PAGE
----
Brazil, The Land of Red Dyewood

Language of Origin: Portuguese 

Brazil was believed to be named after a deep-red colored tree called a Brazilwood. The tree was named pau-brasil by Portuguese explorers, pau meaning stick and brazil spawning from the word brasa, meaning ember. 

Chile, Where the Land Ends

Language of Origin: Mapuche, or another indigenous dialect

Along with the popular mispronunciation of the country’s name, Chile is believed to actually originate from the Mapuche word chili, spelled just like the beloved dish. However, the name does not refer to stewed beans at all, but rather translates to “where the land ends” or “the deepest point of Earth.”  

Paraguay, Home of People Born Along the River

Language of Origin: An indigenous dialect

Like many other Latin American countries, the origin of the name is believed to come from an indigenous language spoken by the native inhabitants of the region. In Paraguay, the Guaraní people relied heavily on natural resources to survive. The most influential product of nature was the Paraguay River, which is where the country’s name is believed to come from. 

Suriname, the Land of the Surinen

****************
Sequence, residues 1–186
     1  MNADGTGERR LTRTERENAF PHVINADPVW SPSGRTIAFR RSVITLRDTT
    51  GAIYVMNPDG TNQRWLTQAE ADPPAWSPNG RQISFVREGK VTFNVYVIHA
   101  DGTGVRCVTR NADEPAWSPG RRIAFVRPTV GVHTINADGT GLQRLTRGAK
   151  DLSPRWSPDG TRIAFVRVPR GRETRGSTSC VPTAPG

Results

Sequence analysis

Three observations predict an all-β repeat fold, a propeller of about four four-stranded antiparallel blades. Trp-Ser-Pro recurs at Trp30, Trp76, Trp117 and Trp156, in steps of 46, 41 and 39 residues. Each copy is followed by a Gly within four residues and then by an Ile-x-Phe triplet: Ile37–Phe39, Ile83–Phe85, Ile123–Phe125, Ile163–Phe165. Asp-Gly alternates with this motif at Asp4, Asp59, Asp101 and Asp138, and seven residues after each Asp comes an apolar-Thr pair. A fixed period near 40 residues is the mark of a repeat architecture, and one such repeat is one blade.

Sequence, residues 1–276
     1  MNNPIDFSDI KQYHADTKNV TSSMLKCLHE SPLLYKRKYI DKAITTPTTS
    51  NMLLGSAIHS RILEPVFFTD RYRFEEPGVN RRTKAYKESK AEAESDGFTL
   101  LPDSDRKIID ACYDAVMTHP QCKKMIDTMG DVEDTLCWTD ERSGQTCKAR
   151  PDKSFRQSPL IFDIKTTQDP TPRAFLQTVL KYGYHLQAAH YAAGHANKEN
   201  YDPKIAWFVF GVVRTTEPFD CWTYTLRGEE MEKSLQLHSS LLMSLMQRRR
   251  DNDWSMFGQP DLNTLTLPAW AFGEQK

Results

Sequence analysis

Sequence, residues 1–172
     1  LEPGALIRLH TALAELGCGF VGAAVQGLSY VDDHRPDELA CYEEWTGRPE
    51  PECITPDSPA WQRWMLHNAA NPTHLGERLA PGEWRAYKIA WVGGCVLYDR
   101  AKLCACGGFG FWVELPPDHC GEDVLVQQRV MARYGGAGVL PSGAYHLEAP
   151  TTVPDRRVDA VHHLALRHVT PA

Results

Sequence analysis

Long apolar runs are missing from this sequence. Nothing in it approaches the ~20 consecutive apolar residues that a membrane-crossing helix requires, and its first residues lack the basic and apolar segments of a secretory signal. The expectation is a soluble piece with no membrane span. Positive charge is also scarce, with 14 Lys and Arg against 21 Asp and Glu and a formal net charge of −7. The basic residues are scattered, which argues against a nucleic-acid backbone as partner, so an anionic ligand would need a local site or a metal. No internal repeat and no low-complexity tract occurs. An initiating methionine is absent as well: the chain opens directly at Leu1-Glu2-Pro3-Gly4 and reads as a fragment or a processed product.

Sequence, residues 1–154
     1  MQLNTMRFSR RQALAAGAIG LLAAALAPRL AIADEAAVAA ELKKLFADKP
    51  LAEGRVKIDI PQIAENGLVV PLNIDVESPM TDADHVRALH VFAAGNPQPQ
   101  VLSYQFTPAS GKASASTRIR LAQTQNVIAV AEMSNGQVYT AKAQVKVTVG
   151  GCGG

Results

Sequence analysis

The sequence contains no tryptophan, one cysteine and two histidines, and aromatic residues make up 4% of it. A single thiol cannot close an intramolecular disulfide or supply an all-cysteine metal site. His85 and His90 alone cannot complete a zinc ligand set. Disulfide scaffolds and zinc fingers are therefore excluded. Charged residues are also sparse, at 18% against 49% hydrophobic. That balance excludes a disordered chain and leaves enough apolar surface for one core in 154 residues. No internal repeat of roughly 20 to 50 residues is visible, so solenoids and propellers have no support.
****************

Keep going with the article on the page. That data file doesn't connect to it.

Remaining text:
Language of Origin: Dutch, mixed with the indigenous name for the Surinen people

Who were the Surinen? 

The Surinen were a group of indigenous people that inhabited the region before Europeans colonized the area. Ironically, the country actually possessed an array of different names as it passed through the hands of the Spanish, English, and Dutch. The Dutch finally landed on the name Suriname in recognition of the Surinen people. 

Actual Meanings of Caribbean Country Names

Unsurprisingly, many Caribbean countries get their literal meanings from the gorgeous sea and lush tropics all around them.

  1. The Bahamas – Land of Shallow Sea
  2. Cuba – Centre Place
  3. Dominican Republic – Saint Dominic’s Island
  4. Haiti – Land of Mountains
  5. Jamaica – Land of Wood and Water

Let’s take a deeper look at some of the origin stories of these countries through their names.

The Bahamas, The Land of the Shallow Sea

Language of Origin: Spanish 

In Spanish, the word bajamar means “shallow water” or “low tide.” The Bahamas, a former British colony and the believed landing place of Christopher Columbus, consists of a conglomeration of small Caribbean islands and is known for its shallow, tropical waters. 

Haiti, The Land of Mountains

Language of Origin: An indigenous dialect

Before the 19th century, Haiti was actually named Saint-Domingue by the French. But once it received its independence in 1804, the country was fitted with the more culturally acceptable name of Haiti, meaning “land of mountains.” 

Get the Literal Translation Right! 

One big similarity between the names of Latin American countries is their common roots in the native languages from indigenous communities that once lived there. Ironically, this is also the biggest difference between them all. 

Each country has a unique cultural heritage and is spectacularly diverse in its own way. Although they are all connected by one common language today – Spanish – their names are rooted deep in history and tradition. 

About 360 million people speak Spanish. Open the door to the other half of the Americas.